After years of doubts, Americans turn more bullish on economy
By Jason Lange
WASHINGTON (Reuters) - Pessimism and doubt have dominated how Americans see the economy for many years. Now, in a hopeful sign for the economic outlook, confidence is suddenly perking up.
Expectations for a better job market helped power the Thomson Reuters/University of Michigan index of consumer sentiment to a near eight-year high in December, according to data released on Friday.
U.S. consumers also saw sharp drops in gasoline prices as a shot in the arm, and the survey added heft to strong November retail sales data that has showed Americans getting into the holiday shopping season with gusto.
"Surging expectations signal very strong consumption over the next few months," said Ian Shepherdson, an economist at Pantheon Macroeconomics.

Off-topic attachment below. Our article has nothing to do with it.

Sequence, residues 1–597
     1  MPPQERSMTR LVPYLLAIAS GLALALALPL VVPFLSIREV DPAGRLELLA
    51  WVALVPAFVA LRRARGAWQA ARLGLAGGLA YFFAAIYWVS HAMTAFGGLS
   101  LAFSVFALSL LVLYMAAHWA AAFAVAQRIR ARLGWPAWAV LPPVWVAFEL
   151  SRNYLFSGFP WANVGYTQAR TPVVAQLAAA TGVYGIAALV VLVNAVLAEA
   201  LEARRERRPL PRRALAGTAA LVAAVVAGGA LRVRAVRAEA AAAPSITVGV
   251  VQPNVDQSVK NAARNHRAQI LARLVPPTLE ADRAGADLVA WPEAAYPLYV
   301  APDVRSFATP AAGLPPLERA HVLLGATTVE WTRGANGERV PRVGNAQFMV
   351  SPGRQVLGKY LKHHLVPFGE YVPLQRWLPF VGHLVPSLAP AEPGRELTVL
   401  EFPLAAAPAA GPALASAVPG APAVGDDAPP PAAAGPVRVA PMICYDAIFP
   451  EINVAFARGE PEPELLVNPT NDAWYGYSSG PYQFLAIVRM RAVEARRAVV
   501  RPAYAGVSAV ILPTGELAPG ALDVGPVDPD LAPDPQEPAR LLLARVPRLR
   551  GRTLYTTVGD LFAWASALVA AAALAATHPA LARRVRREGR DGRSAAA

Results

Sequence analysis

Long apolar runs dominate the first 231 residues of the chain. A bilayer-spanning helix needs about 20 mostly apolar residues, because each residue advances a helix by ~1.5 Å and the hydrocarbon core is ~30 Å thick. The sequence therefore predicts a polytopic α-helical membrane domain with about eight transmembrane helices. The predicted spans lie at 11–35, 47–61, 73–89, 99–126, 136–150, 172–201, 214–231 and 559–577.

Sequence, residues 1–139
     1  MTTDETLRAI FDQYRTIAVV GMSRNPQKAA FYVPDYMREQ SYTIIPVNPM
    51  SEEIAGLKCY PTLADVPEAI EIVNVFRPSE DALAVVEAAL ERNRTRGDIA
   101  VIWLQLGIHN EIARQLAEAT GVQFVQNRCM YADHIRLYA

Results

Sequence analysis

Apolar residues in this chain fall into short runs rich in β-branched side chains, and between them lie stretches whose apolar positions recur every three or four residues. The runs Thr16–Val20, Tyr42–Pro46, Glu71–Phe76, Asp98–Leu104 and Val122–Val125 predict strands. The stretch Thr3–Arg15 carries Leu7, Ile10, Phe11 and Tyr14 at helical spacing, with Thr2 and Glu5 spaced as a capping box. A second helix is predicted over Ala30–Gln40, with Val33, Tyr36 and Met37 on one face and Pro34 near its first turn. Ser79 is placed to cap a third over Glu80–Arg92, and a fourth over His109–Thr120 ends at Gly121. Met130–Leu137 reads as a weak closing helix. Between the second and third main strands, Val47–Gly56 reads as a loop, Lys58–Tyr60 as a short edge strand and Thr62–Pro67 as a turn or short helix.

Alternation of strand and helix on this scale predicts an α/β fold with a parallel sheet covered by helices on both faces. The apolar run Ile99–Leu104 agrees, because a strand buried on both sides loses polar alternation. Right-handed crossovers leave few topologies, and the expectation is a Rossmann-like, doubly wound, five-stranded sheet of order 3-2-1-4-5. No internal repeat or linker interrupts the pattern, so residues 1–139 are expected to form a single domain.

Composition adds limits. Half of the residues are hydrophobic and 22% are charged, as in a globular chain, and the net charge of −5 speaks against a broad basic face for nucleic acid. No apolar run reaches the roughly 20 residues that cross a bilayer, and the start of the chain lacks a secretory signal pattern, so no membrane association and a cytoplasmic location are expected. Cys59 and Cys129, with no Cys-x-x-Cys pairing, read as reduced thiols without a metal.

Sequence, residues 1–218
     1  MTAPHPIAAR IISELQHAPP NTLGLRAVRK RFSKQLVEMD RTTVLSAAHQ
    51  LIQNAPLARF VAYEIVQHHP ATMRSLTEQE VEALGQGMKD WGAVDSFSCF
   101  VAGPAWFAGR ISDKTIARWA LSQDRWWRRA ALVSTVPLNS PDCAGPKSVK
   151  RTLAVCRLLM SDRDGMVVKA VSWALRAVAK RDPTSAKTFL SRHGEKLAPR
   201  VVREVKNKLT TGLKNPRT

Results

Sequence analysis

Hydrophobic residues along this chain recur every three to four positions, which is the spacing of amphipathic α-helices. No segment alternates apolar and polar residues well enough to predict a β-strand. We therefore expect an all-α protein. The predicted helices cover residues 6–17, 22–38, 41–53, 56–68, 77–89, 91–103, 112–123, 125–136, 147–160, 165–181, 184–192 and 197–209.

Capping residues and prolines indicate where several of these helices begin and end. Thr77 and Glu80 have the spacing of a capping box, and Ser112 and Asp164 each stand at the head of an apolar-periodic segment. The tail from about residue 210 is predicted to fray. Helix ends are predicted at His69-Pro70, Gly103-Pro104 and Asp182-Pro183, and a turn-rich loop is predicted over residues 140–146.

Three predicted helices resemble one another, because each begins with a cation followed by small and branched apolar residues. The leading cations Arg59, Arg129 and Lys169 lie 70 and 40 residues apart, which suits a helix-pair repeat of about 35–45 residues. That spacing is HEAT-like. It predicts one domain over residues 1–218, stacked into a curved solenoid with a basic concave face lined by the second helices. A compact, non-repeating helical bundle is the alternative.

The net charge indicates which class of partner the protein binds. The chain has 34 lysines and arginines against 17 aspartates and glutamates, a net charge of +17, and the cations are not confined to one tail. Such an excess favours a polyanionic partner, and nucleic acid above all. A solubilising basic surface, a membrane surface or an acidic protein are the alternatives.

While improvements in sentiment haven't always translated into similar spending growth, consumers at the very least are feeling the warmth of several months of robust hiring, including 321,000 new jobs created in November.
When asked in the survey about recent economic developments, more consumers volunteered good news than bad news than in any month since 1984, said the poll's director, Richard Curtin.
Moreover, half of all consumers expected the economy to avoid a recession over the next five years, the most favorable reading in a decade, Curtin said.
The data bolsters the view that the U.S. economy is turning a corner and that worker wages could begin to rise more quickly, laying the groundwork for the Federal Reserve to begin hiking its benchmark interest rate to keep inflation from eventually rising above the Fed's 2 percent target. Continued...